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Mycobacterium tuberculosis resistance prediction and lineage classification from genome sequencing: comparison of automated analysis tools

Abstract

Whole-genome sequencing (WGS) has the potential to accelerate drug-susceptibility testing (DST) to design appropriate regimens for drug-resistant tuberculosis (TB). Several recently developed automated software tools promise to standardize the analysis and interpretation of WGS data. We assessed five tools (CASTB, KvarQ, Mykrobe Predictor TB, PhyResSE, and TBProfiler) with regards to DST and phylogenetic lineage classification, which we compared with phenotypic DST, Sanger sequencing, and traditional typing results for a collection of 91 strains. The lineage classifications by the tools generally only differed in the resolution of the results. However, some strains could not be classified at all and one strain was misclassified. The sensitivities and specificities for isoniazid and rifampicin resistance of the tools were high, whereas the results for ethambutol, pyrazinamide, and streptomycin resistance were more variable. False-susceptible DST results were mainly due to missing mutations in the resistance catalogues that the respective tools employed for data interpretation. Notably, we also found cases of false-resistance because of the misclassification of polymorphisms as resistance mutations. In conclusion, the performance of current WGS analysis tools for DST is highly variable. Sustainable business models and a shared, high-quality catalogue of resistance mutations are needed to ensure the clinical utility of these tools.

Introduction

Tuberculosis (TB) control is threatened by the emergence and spread of resistant Mycobacterium tuberculosis complex (MTBC) strains. In 2015, an estimated 480,000 new cases of multidrug-resistant (MDR, defined as resistant to the most effective first-line drugs isoniazid [INH] and rifampicin [RMP]) TB occurred globally. Of those, approximately 9.5% are extensively drug-resistant (XDR) with additional resistances to at least one fluoroquinolone and one injectable drug1. MDR and XDR TB requires prolonged treatment with more expensive and less effective drugs that can result in severe side effects2.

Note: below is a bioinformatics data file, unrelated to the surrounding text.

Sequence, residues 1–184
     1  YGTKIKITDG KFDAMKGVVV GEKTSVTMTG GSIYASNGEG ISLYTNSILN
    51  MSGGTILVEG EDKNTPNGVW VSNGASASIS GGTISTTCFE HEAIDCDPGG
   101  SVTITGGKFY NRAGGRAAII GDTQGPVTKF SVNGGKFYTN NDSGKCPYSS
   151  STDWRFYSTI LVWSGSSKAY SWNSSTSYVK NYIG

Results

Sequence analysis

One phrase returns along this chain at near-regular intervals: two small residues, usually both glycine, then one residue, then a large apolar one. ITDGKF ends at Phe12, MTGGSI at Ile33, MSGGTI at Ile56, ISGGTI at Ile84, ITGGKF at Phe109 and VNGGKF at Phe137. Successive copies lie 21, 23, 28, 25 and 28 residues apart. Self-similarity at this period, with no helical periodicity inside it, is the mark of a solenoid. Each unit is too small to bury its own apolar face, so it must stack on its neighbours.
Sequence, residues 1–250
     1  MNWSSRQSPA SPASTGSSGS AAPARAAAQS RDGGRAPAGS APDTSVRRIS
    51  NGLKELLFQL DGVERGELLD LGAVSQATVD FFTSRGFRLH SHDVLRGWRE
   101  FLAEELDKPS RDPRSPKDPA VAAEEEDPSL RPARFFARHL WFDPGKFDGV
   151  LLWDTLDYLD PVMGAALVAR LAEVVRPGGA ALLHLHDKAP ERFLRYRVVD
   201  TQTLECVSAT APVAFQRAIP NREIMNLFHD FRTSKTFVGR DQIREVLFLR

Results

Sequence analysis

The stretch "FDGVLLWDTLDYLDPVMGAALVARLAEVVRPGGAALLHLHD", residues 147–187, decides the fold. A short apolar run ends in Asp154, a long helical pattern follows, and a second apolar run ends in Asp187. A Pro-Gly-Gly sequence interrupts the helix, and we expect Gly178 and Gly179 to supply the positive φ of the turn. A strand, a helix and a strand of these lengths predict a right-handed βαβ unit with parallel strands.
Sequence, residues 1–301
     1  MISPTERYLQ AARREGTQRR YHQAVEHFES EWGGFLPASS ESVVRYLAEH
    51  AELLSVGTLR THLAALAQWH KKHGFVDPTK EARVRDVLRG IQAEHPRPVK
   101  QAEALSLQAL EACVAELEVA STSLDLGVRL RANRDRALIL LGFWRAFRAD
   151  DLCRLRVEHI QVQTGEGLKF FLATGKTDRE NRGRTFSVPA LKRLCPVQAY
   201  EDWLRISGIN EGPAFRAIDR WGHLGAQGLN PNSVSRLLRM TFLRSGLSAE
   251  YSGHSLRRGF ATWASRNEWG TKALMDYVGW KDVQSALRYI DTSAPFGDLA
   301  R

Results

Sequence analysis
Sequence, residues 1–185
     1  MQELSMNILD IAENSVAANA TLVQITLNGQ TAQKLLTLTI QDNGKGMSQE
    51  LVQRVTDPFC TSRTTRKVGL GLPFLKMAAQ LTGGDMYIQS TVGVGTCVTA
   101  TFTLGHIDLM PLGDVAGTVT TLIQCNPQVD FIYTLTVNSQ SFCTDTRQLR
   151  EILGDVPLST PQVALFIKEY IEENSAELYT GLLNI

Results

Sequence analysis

This situation is exacerbated by the fact that conventional, phenotypic drug-susceptibility testing (DST) can take weeks or months because of the slow growth rate of MTBC3. Targeted genotypic assays, such as line probe assays or the Cepheid Xpert MTB/RIF, have been developed to provide DST results within hours or days4. However, these assays only target the most frequent resistance mutations for a limited number of drugs.

By contrast, whole-genome sequencing (WGS) can theoretically be used to rule-in resistance to all drugs simultaneously, provided that the genetic basis of resistance is elucidated further (WGS directly from the primary sample would be ideal, but is not feasible reliably and cheaply at the moment)5,6,7. Yet, given the amount and complexity of WGS data, its interpretation represents a significant challenge. Specifically, three main steps have to be performed accurately. First, variants (i.e. SNPs, insertions or deletions) have to be identified accurately. Second, these variants have to be interpreted correctly (e.g. mutations that do not confer resistance have to be distinguished from mutations that do)8. Finally, a plain language report that contains clear and appropriate results has to be generated.

To date, three web-servers (CASTB, PhyResSE, and TBProfiler) and two software solutions (KvarQ and Mykrobe Predictor TB) have been developed to enable non-specialists to infer drug resistance from WGS data9,10,11,12,13. Moreover, all tools provide epidemiological typing results, which might be used for contact tracing or surveillance, and can affect patient treatment directly if a member of MTBC is identified that is intrinsically resistant to one or more TB drug14. The respective strengths and weaknesses of all of these tools have not been compared so far15. Using a collection of 91 clinical strains with resistance mutations that were confirmed by classical Sanger sequencing, we therefore set out to assess the performance and functionalities of these tools.